cc [ flag… ] file… –ldat [ library… ] #include <dat/udat.h> DAT_RETURN dat_evd_dequeue( IN DAT_EVD_HANDLE evd_handle, OUT DAT_EVENT *event )
Handle for an instance of the Event Dispatcher.
Pointer to the Consumer-allocated structure that Provider fills with the event data.
The dat_evd_dequeue() function removes the first event from the Event Dispatcher event queue and fills the Consumer allocated event structure with event data. The first element in this structure provides the type of the event; the rest provides the event-type-specific parameters. The Consumer should allocate an event structure big enough to hold any event that the Event Dispatcher can deliver.
For all events the Provider fills the dat_event that the Consumer allocates. So for all events, all fields of dat_event are OUT from the Consumer point of view. For DAT_CONNECTION_REQUEST_EVENT, the Provider creates a Connection Request whose cr_handle is returned to the Consumer in DAT_CR_ARRIVAL_EVENT_DATA. That object is destroyed by the Provider as part of dat_cr_accept(3DAT), dat_cr_reject(3DAT), or dat_cr_handoff(3DAT). The Consumer should not use cr_handle or any of its parameters, including private_data, after one of these operations destroys the Connection Request.
For DAT_CONNECTION_EVENT_ESTABLISHED for the Active side of connection establishment, the Provider returns the pointer for private_data and the private_data_size. For the Passive side, DAT_CONNECTION_EVENT_ESTABLISHED event private_data is not defined and private_data_size returns zero. The Provider is responsible for the memory allocation and deallocation for private_data. The private_data is valid until the Active side Consumer destroys the connected Endpoint (dat_ep_free(3DAT)), or transitions the Endpoint into Unconnected state so it is ready for the next connection. So while the Endpoint is in Connected, Disconnect Pending, or Disconnected state, the private_data of DAT_CONNECTION_REQUEST_EVENT is still valid for Active side Consumers.
Provider must pass to the Consumer the entire Private Data that the remote Consumer provided for dat_ep_connect(3DAT), dat_ep_dup_connect(3DAT), and dat_cr_accept(). If the Consumer provides more data than the Provider and Transport can support (larger than IA Attribute of max_private_data_size), DAT_INVALID_PARAMETER is returned for that operation.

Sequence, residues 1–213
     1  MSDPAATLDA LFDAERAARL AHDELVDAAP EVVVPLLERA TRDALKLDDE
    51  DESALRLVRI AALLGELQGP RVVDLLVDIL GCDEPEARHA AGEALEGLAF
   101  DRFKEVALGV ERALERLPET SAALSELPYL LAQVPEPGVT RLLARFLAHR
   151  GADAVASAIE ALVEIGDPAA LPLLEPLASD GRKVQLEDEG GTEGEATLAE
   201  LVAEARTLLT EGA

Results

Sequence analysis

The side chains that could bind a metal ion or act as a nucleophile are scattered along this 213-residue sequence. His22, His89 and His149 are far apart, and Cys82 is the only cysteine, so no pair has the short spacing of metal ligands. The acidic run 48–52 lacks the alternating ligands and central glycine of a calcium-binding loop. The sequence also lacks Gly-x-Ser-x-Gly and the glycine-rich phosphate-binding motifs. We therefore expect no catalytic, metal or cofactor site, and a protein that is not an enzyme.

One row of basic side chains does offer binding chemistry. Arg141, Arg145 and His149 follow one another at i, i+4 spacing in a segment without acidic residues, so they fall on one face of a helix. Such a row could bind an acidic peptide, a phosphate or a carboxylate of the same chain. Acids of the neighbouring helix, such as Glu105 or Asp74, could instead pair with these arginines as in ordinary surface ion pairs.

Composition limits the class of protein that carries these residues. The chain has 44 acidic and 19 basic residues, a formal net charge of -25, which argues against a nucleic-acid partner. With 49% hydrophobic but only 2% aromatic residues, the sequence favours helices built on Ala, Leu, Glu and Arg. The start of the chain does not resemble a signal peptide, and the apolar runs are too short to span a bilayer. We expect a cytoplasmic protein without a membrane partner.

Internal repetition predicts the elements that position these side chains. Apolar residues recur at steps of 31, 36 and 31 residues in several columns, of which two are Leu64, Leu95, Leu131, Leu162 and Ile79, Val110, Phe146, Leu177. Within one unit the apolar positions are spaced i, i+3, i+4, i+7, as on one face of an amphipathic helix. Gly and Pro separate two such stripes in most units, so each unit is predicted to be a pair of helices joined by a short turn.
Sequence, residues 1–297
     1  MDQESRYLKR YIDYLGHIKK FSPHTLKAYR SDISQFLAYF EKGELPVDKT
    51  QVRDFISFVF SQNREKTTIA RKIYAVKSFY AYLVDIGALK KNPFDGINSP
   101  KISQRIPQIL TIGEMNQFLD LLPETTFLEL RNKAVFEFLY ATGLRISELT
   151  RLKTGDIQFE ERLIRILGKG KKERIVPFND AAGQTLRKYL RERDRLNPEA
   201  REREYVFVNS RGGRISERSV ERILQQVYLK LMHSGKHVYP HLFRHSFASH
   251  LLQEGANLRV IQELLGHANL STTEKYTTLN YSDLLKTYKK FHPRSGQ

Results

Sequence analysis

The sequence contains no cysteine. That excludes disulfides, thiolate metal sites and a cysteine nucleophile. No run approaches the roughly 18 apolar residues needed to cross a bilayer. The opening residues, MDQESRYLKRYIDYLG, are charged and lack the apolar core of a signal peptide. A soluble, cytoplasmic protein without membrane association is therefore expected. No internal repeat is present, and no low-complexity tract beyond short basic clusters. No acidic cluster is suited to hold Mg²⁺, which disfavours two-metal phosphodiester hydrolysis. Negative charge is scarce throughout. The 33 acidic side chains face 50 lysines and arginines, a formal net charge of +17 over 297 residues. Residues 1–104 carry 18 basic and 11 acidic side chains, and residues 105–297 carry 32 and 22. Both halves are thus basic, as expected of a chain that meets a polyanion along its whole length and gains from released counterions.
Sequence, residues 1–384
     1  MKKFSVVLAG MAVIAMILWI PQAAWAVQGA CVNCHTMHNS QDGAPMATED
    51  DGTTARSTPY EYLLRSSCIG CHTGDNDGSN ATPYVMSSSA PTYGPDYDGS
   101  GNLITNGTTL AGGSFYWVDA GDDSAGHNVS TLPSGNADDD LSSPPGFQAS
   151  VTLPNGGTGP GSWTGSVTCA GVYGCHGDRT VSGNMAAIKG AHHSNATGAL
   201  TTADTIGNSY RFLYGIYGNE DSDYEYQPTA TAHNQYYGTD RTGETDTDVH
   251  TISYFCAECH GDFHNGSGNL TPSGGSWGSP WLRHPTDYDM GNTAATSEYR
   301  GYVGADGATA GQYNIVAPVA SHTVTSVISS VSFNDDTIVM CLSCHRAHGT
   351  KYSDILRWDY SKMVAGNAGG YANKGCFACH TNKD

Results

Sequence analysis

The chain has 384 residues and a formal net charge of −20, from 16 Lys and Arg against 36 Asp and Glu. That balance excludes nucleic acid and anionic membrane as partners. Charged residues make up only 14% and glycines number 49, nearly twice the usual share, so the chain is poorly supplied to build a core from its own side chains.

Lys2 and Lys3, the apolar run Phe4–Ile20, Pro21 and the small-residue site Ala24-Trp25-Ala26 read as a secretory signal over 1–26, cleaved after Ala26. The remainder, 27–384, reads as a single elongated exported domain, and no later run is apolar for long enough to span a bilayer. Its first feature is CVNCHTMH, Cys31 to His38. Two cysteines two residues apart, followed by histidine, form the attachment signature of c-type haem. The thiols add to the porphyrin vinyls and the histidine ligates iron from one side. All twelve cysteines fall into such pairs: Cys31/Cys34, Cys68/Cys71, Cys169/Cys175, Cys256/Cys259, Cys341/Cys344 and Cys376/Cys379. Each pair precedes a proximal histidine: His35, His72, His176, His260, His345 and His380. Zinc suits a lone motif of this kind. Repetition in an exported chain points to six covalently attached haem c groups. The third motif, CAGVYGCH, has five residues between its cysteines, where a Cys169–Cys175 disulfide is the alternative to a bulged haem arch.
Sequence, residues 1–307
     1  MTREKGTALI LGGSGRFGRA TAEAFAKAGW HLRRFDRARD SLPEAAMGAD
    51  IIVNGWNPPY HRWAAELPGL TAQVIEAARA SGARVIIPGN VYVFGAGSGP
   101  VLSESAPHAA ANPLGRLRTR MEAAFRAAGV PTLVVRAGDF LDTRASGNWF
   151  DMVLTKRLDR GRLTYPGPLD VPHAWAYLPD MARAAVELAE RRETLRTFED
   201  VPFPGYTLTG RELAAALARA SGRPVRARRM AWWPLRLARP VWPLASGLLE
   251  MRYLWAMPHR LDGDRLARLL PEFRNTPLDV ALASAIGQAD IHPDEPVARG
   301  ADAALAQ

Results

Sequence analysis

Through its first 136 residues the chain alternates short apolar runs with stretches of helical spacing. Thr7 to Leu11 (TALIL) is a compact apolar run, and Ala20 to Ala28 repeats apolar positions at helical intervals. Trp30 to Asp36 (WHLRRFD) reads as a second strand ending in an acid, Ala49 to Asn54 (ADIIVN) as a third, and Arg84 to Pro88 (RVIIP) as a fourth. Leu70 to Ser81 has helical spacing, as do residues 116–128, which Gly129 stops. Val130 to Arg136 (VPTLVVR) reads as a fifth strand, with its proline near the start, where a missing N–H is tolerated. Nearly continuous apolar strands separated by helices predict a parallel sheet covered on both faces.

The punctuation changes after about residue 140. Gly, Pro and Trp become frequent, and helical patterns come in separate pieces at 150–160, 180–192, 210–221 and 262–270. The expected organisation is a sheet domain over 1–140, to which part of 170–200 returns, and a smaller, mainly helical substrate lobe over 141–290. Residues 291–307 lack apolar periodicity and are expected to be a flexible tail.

The returned event that was posted from an Event Stream guarantees Consumers that all events that were posted from the same Event Stream prior to the returned event were already returned to a Consumer directly through a dat_evd_dequeue() or dat_evd_wait(3DAT) operation.
The ordering of events dequeued by overlapping calls to dat_evd_wait() or dat_evd_dequeue() is not specified.
The operation was successful. An event was returned to a Consumer.
Invalid DAT handle; evd_handle is invalid.
There are no entries on the Event Dispatcher queue.
One of the parameters was invalid for this operation. There is already a waiter on the EVD.
No matter how many contexts attempt to dequeue from an Event Dispatcher, each event is delivered exactly once. However, which Consumer receives which event is not defined. The Provider is not obligated to provide the first caller the first event unless it is the only caller. The Provider is not obligated to ensure that the caller receiving the first event executes earlier than contexts receiving later events.
Preservation of event ordering within an Event Stream is an important feature of the DAT Event Model. Consumers are cautioned that overlapping or concurrent calls to dat_evd_dequeue() from multiple contexts can undermine this ordering information. After multiple contexts are involved, the Provider can only guarantee the order that it delivers events into the EVD. The Provider cannot guarantee that they are processed in the correct order.
Although calling dat_evd_dequeue() does not cause a context switch, the Provider is under no obligation to prevent one. A context could successfully complete a dequeue, and then reach the end of its timeslice, before returning control to the Consumer code. Meanwhile, a context receiving a later event could be executing.
The Event ordering is preserved when dequeueing is serialized. Potential Consumer serialization methods include, but are not limited to, performing all dequeueing from a single context or protecting dequeueing by way of lock or semaphore.
See attributes(5) for descriptions of the following attributes: